By Maria Elena Duron
Does your work environment resonate a culture of gratitude and appreciation?
Even if you are a two-man operation, you have to realize that showing appreciation to your teammate is crucial if your business is going to be as productive as you want it to be.
According to U.S. Department of Labor statistics, individuals that voluntarily leave work cite lack of appreciation as one of the major reasons for leaving. And even though a large majority of employers and supervisors can attest to having shown gratitude to employees that perform well, only about 17 percent of employees report those supervisors do a good job at appreciating them.
What brings about this disconnect?
Employee Recognition Programs
Almost all employers have some form of employee recognition program, where employees and best performers are recognized and rewarded for their good work. Where most employers get it wrong is that these programs rarely appreciate, but rather recognize and reward. The motivation gained from such programs is short-lived, and soon work issues crop up again.
As well intentioned as these programs are, they have their setbacks. Many times, recognition programs are generic and impersonal. Generic meaning that the nature of the rewards and, at times, sentiment are exactly the same, year in and year out (certificates, gift cards, vouchers, cash rewards, electronic gadgets, and so on), and everyone is bound to get the same gift. This makes the gesture feel impersonal.
Recognition programs are also infrequent. These activities tend to be held at certain times of the year, and the rest of the time employees have to find the motivation to work from other sources.
Appreciating Your Team
Appreciation in your work environment doesn’t have to follow the recognition-program style. In your case, appreciation has to be woven into your company culture. To do this, four conditions must be met:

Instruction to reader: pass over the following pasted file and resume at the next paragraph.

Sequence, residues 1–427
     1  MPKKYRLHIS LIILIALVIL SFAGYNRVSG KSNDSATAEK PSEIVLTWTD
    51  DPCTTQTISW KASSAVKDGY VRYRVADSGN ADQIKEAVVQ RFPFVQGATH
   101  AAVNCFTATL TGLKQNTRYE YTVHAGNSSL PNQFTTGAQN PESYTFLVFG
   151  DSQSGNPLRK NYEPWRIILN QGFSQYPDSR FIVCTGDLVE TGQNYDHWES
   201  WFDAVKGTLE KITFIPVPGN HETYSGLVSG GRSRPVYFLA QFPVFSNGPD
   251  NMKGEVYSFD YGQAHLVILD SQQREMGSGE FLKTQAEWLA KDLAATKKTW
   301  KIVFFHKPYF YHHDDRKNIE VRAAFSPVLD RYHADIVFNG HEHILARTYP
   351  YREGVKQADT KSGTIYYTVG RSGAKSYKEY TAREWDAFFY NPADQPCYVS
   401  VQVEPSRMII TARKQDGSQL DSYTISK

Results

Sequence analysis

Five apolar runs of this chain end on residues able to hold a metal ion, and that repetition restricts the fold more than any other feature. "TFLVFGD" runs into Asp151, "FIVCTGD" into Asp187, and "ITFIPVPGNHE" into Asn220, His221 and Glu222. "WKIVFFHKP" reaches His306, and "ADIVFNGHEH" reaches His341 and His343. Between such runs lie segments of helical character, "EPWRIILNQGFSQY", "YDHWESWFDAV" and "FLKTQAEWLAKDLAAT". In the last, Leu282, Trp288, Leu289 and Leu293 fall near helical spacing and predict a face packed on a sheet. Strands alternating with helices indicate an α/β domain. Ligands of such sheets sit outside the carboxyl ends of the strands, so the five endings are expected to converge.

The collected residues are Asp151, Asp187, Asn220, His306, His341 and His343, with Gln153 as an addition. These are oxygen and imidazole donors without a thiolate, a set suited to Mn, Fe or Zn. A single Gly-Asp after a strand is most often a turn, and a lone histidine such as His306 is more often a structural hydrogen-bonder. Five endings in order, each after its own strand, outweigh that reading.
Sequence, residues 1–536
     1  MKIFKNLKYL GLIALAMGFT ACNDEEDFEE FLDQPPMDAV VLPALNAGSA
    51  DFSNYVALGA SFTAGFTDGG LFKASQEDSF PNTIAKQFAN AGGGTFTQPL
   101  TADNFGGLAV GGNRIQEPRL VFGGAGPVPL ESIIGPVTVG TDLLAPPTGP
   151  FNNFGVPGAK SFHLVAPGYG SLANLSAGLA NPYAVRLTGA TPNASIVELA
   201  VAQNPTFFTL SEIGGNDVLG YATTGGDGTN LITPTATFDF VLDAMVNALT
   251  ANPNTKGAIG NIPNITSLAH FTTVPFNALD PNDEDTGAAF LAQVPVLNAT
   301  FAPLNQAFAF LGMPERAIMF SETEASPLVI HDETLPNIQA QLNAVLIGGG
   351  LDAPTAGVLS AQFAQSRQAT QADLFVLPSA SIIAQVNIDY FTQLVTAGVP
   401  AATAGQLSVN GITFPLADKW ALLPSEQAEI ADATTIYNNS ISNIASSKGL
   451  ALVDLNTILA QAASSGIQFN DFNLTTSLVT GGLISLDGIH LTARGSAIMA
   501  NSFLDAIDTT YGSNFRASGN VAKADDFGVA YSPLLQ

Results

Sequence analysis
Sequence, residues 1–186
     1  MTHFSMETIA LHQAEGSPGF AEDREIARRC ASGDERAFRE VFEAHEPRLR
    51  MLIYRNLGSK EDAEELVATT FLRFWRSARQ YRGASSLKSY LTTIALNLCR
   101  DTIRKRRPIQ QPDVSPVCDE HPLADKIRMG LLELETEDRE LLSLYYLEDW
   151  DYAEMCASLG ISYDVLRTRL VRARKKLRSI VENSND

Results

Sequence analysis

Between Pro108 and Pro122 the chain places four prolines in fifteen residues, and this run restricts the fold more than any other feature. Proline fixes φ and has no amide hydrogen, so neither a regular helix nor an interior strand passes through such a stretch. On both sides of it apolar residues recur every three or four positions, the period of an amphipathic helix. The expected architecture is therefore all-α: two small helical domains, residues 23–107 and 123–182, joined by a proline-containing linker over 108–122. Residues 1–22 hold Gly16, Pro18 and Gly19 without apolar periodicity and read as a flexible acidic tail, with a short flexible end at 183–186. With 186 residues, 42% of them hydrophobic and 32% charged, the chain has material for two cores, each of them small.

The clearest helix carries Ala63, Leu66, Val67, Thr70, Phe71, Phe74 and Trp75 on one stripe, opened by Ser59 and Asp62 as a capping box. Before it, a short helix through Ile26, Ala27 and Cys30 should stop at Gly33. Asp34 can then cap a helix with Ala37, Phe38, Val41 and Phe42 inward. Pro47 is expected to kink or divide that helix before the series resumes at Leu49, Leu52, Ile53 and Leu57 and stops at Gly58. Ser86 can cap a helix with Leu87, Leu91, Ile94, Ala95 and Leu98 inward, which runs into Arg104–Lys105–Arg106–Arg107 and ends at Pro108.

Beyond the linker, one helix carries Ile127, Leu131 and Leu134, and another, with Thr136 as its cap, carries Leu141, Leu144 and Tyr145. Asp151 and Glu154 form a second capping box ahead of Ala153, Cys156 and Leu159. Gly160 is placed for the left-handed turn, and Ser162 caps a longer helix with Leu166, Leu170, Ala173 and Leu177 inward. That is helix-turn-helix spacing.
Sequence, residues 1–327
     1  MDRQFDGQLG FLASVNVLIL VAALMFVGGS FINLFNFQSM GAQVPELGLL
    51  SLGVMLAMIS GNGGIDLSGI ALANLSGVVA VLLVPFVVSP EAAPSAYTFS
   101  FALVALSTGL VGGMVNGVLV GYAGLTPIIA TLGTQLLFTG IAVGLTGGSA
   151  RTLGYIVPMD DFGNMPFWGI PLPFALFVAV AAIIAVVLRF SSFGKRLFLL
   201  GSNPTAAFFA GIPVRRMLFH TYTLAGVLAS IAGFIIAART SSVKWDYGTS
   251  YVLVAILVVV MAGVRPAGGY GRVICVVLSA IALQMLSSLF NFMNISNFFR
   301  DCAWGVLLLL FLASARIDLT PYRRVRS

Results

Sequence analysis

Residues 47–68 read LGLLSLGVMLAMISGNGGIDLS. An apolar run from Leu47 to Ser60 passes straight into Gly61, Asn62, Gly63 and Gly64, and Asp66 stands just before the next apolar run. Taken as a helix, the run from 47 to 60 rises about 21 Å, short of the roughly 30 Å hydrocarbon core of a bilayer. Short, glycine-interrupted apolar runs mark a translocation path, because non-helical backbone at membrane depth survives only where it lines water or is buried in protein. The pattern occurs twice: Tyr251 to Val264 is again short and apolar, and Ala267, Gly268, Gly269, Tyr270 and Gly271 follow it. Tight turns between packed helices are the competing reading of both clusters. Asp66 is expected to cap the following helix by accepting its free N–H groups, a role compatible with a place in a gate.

1. Appreciation Must Be Frequent
You don’t have to wait until the end-of-year performance review to say, “Good job, Mike.” Rather, make appreciation as frequent as your interactions with team members.
2. Appreciation Must Be Personalized
Individuals are different, and a one-size-fits-all approach to conveying appreciation rarely bears fruit. It has to relate to individuals in your team and their specific actions. People don’t mind hearing “Great job, everyone,” but what would really motivate and keep them going is “Thanks, Molly, for staying late to finish working on the presentation” or “I appreciate you cleaning up the meeting room after we were done.”
3. Appreciation Must Be Authentic
Perhaps the most crucial aspect of conveying appreciation is doing it in an authentic manner. What makes appreciation authentic?
Your tone of voice and facial expressions convey a lot about your genuineness. How you relate to your team member in private has to be same as how you treat them in full view of everyone, otherwise they’ll know you’re faking it. If previous cases of showing appreciation have always been accompanied by an ulterior motive, team members are unlikely to take it seriously.
4. Appreciation Is Best Conveyed in the Language of the Recipient